A general home inspection is always recommended before you buy or sell your home. This helps you identify any major defects, safety hazards, or systems needing repairs. But it also depends on various factors. Including the age and location of the home.
Some buyers may want to consider additional “specialty” inspections that go out of the scope of their standard inspection.
Specialty home inspections focus on specific areas or systems of the home. That needs an expert’s attention. Commonly, specialty inspections include mold consultations and sampling, structural inspection letters, moisture intrusion consultations, and more.
Home Pro Inspections takes you through all these specialty types of inspections for a home. So you can decide better for your place. So, without any further ado, let’s get started.
Specialty Types of Inspections for a Home
Specialty home inspections involve a variety of areas. From mold and moisture intrusion consultations to re-inspection and divorce inspections, it has everything you need to know about. And if you are one of those who are hearing these inspections for the first time. This section is going to be your time to learn new things.
Mold Consultations & Sampling
Mold can be a serious health concern for homeowners. You shouldn’t even ignore any small mold patches. Mold could be hidden behind walls and cause many health issues. That’s why you should inspect and address mold issues before they expand.
Mold consultation and sampling is one of the specialty types of inspections for a home where you can identify the presence of mold. And assess its levels and damage extent.
For a mold consultation, the inspectors conduct an initial assessment. To visually identify signs of excess moisture or mold growth in a home. They will inspect water stains, peeling or curling paint, signs of water intrusion like cracks or leaks, and condensation buildup on windows or vents.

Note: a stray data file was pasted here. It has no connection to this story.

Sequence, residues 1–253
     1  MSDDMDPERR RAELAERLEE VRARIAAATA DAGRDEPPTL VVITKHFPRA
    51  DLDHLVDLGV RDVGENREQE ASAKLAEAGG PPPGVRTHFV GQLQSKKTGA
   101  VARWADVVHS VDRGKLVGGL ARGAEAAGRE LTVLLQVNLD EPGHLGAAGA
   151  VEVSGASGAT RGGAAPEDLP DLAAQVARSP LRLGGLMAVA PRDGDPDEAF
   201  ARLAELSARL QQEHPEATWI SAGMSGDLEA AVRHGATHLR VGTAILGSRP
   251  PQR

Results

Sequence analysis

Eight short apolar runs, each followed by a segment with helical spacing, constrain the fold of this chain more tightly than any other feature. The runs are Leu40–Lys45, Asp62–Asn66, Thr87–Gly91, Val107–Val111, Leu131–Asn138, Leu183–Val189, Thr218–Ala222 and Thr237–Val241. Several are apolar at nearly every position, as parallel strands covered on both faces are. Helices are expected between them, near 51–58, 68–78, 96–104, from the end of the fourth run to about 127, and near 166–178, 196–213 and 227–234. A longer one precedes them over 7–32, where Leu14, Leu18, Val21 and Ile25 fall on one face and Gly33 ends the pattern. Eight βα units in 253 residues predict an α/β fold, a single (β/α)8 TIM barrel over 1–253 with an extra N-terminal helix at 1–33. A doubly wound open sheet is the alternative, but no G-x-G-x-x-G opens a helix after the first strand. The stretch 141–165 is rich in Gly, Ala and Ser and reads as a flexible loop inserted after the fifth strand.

The mold inspectors will take photographs and note the areas of concern. They look in common problem spots like bathrooms, basements, and attics. The inspector then reviews the findings and makes a detailed report.
Structural Inspection Letters
If your general home inspection identifies potential structural or pest-related defects, a structural inspection letter from an engineer or pest control professional works for them. These letters provide detailed information on the extent of the damage and options for repair.
A structural inspection letter is suggested for these reasons.
- If your home inspectors lack the expertise to fully evaluate structural or pest-related damage. In this case, a letter from an engineer or exterminator provides a more professional assessment.
- When structural or pest damage is found but is difficult or costly to repair. A letter can confirm whether repairs are absolutely necessary. Or if the issues are mostly cosmetic.
- To support the requests for seller credits or price reductions. Based on the cost of repairs. The letter provides third-party validation of the found defects.